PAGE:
Today I was able to help someone from my Genealogical Society find her husband in the 1940 census as a 3 year old child.
She was telling me how she hasn't been able to find her husband in the 1940 census. I asked if she knew where he was living at the time. She stated San Gabriel, California. So since I had a subscription to Ancestry.com I decided to go directly to the 1940 census and I typed in the location. Well there were a lot of different wards, so I decided I needed to try to approach this problem a little differently.
I decided to do a search on her father-in-law name. I found him in the 1930 census but he moved by 1940. Then I found a bunch of City directories. I scrolled through the list and found one from 1941. Sure enough the address that my fellow society member gave me was correct.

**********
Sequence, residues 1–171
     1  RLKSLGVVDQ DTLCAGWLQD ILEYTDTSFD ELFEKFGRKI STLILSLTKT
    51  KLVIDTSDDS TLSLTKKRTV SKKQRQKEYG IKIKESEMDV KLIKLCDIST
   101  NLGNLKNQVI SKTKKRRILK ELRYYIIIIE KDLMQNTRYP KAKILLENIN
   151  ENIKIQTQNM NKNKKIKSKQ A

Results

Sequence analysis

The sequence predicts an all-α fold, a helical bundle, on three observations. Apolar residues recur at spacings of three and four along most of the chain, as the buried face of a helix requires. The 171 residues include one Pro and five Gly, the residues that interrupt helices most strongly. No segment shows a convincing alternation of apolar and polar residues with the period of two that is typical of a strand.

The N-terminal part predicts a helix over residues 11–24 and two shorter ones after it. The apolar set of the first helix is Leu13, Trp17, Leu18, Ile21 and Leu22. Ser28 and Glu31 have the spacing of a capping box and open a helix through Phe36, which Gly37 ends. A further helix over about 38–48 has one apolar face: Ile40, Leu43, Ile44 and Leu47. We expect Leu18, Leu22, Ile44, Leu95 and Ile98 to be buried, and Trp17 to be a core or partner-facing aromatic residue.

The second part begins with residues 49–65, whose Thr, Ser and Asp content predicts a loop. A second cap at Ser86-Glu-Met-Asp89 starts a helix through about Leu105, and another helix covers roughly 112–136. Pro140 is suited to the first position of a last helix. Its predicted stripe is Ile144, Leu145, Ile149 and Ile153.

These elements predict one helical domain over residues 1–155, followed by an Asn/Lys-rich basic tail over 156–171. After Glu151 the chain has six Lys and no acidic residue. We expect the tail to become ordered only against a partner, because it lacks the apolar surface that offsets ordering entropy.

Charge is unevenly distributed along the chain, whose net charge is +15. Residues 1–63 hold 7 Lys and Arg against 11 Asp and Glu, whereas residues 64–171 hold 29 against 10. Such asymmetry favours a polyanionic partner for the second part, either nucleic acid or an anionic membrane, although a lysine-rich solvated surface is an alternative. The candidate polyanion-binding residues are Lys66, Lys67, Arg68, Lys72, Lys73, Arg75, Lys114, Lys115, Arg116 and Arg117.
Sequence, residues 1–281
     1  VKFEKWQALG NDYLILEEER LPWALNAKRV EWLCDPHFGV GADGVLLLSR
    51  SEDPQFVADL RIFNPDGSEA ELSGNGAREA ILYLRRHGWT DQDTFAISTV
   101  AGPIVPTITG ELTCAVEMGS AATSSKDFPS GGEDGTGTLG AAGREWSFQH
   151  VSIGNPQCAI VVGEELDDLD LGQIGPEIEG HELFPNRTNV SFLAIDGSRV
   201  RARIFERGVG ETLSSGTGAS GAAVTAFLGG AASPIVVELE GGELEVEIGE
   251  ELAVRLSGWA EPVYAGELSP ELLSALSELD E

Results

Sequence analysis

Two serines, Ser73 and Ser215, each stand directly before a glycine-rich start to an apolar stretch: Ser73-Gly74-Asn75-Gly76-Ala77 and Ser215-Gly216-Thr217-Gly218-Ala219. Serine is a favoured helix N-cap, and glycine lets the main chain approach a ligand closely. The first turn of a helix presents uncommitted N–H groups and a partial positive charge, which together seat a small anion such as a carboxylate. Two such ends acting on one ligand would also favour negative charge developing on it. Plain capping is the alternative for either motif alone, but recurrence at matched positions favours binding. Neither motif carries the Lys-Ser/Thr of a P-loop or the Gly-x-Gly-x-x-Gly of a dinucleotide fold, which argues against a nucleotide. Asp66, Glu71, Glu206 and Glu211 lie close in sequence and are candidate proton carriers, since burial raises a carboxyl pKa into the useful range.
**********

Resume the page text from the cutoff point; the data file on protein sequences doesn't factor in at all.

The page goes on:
So I decided to look just at the City directories, and typed in the year 1941 and the street name. I then found a person who lived near where her father-in-law lived. I recorded the name of the neighbor.
I proceeded to go back and search the 1940 census in San Gabriel for the name of the neighbor that I had found in the City Directory. I found a good hit that appear to be the neighbor and when I viewed the census record it was the neighbor because I found the street and house number. I looked a few rows up on the page and on the first three lines was her father-in-law, her mother-in-law and her husband. When I hovered my mouse over the name of her father-in-law, his last name was mis-transcribed and the g in the last name was changed to a z and this is why her search attempts were not working.
I had tied to use a wild card search of Mag* but since the g was the mis-transcribed letter the wildcard was not working.
So the lesson learned here is that we sometimes need to approach our challenges with different techniques. Plus being a little lucky to find a city directory the year after the 1940 census didn't hurt either.